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Queens - big mistake

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Queens - big mistake - Mon Jan 21, 2013, 03:57 PM
(#1)
Ov3rsight's Avatar
Since: Dec 2011
Posts: 340
10NL 6max again.

I'm in the SB with two black Queens. The button raises to 4x, I decide to 3-bet, and he calls. Flop comes 9,5,T all hearts. I lead for about 2/3 pot, and he raises almost 3x my bet.

So here I am with $2.41 invested into this pot facing a $2.50 raise. I think for a small while, discarding the possibility of the villain holding KK,AA. And so I shove. I don't think he has the flush, and I want to get rid of him should he have the one heart in his hands.

Looking back, I think it was a bad move. The shove was strictly to protect my hand against the flush draw as I saw no other threats to my hand. I do admit that the moment he raised my first instinct was to hit the fold button because he may have hit the flush. I disregarded that because I doubt it's profitable to play scared - you can't throw away an overpair everytime the flop's a single color.

Problem is - is it profitable to shove here? Yes, I'm only getting called by better hands, in this case, pocket tens for a flopped set. He obviously didn't put me on a flush either.

Opinions?


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Mon Jan 21, 2013, 06:22 PM
(#2)
ArtySmokesPS's Avatar
Since: Oct 2011
Posts: 7,324
Monotone flops are hard to hit. For that reason, you don't need to bet quite so much on the flop, especially if you have no draw, as villain either has a ton of equity, or very little. You want to take down this pot as cheaply as possible. If villain missed completely and has no draw, he's folding to a half pot bet. If he has the flush, a flush draw with the Kh or Ah, or a set, then he's either raising or calling. With two black queens on a monotone flush flop, you're only flipping against AK with one heart, and you're in bad shape against a set.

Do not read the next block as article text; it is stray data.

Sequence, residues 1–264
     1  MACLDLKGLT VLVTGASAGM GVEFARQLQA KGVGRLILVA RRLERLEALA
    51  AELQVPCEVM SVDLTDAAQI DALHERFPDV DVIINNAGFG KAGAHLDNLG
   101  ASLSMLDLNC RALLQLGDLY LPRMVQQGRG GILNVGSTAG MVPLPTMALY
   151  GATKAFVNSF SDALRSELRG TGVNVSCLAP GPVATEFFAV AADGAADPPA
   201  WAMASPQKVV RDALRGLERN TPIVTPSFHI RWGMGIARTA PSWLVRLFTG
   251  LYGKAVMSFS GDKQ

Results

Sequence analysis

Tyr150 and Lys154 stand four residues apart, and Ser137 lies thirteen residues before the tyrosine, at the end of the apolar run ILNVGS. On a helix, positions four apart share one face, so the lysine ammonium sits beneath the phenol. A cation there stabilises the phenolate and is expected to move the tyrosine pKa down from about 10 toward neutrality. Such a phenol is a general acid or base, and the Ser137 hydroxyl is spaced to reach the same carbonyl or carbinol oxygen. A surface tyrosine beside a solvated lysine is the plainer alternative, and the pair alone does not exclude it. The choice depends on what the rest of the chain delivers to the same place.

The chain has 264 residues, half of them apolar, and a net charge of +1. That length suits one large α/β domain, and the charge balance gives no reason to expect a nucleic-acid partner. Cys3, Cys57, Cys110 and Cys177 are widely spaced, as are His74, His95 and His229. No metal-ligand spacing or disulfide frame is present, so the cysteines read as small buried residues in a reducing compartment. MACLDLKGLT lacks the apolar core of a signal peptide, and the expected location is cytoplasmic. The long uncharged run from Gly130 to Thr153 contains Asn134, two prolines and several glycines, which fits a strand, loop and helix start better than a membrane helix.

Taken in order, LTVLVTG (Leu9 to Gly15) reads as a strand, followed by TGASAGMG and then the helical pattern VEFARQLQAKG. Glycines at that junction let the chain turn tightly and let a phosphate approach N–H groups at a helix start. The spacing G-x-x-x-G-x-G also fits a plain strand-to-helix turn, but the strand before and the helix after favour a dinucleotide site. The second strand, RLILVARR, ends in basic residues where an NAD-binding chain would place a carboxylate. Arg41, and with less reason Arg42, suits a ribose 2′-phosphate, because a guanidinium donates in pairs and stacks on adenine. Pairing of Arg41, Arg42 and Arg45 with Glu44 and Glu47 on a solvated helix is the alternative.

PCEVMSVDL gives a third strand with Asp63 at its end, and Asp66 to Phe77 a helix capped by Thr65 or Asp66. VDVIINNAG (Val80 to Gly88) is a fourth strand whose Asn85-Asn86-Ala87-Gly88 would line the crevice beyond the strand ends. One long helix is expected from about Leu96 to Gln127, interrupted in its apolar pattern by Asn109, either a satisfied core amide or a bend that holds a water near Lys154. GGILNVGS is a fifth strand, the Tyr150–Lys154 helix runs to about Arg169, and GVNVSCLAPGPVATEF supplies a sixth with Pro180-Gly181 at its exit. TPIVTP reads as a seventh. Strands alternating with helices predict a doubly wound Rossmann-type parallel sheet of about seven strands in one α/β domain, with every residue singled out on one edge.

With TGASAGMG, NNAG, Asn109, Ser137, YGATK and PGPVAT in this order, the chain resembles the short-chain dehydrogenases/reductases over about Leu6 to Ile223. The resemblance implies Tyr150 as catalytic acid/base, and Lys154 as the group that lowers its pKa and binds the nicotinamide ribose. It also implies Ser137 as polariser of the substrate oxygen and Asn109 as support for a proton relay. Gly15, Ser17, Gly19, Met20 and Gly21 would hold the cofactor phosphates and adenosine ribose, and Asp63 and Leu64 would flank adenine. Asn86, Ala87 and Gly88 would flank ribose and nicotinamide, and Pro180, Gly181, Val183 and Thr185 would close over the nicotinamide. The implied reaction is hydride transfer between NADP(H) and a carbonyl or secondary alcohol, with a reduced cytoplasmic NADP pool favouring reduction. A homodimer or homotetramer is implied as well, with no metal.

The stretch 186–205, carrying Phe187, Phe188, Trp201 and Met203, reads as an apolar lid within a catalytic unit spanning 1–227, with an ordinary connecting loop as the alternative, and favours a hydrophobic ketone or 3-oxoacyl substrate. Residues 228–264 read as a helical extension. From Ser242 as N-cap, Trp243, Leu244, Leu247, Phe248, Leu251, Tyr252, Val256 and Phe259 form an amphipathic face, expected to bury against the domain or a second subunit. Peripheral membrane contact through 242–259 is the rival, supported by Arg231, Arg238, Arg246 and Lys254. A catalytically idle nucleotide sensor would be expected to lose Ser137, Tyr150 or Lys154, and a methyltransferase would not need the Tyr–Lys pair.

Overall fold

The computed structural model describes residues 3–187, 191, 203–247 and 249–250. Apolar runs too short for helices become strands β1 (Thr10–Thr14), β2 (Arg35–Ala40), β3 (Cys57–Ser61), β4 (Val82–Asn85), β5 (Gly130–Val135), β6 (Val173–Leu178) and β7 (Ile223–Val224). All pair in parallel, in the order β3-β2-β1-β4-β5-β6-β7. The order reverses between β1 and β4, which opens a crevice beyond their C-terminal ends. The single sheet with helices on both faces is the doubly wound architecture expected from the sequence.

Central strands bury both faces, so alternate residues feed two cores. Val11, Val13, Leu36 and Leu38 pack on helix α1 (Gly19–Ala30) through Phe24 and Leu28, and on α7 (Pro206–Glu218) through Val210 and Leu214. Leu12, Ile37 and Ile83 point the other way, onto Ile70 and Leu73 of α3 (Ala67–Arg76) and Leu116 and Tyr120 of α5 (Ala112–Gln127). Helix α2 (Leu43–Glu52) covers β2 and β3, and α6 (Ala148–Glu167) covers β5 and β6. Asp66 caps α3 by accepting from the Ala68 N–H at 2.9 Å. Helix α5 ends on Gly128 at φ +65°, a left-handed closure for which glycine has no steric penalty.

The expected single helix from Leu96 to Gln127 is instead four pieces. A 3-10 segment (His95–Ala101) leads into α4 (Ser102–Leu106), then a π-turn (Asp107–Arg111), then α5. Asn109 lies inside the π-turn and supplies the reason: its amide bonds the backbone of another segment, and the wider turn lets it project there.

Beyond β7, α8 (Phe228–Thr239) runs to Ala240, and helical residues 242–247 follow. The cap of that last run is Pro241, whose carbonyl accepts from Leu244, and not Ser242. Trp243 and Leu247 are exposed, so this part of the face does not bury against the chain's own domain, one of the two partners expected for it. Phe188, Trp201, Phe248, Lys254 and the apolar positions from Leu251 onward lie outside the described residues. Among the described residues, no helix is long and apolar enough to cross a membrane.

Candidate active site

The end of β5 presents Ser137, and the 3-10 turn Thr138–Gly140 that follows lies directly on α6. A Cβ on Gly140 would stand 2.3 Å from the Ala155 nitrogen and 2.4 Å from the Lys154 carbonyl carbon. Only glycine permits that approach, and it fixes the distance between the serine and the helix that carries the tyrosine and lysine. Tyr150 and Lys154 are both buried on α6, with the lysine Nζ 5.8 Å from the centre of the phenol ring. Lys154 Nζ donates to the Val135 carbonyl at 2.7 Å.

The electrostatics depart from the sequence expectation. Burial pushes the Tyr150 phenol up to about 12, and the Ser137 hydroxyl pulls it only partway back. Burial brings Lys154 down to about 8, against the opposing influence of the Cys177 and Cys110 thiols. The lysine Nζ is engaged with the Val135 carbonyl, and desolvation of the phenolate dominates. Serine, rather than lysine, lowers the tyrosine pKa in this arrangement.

When villains raise flops, they are seldom doing it with air, so you have almost no fold equity if you 3-bet it. Since villain is calling your shove with all made flushes, sets and strong flush draws, you're getting your money in bad.
I'd recommend betting smaller on the flop (about 55% of pot) and folding to the raise.
While there's a lot to be said about "protecting your hand", going all in when you have less than 50% equity is not the most profitable. Getting out cheaply when the board is ugly will work out to be more profitable in the long run.
 
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Mon Jan 21, 2013, 08:31 PM
(#3)
TheLangolier's Avatar
Since: Jun 2010
Posts: 13,487
(Head Trainer)
Hi Ov3r,

I think Arty's given you some nice feedback here. Really start to get away from that "standard 2/3rds pot c-bet" mentality, it's a decent default size when you think a bet is warranted but aren't sure about making a bigger or smaller bet, but it's always important to think about the board texture, the opponents range, and if smaller or bigger bets make sense in light of all the information. I agree with the smaller c-bet for the reason Arty stated here.

When he raises us it's time to release, this is not a good situation for us and shoving will only fold any bluffs he may have (and there are probably few or none in this spot). Don't forget to discount sets in your ranging, and sometimes a preflop slowplayed AA or KK. If the opponent is a huge fish and would raise/stack off with all kinds of garbage not in the set, flush, or nut flush draw categories, then I'm not prepared to release my QQ just yet, but without reads it's just too marginal of a spot imo.


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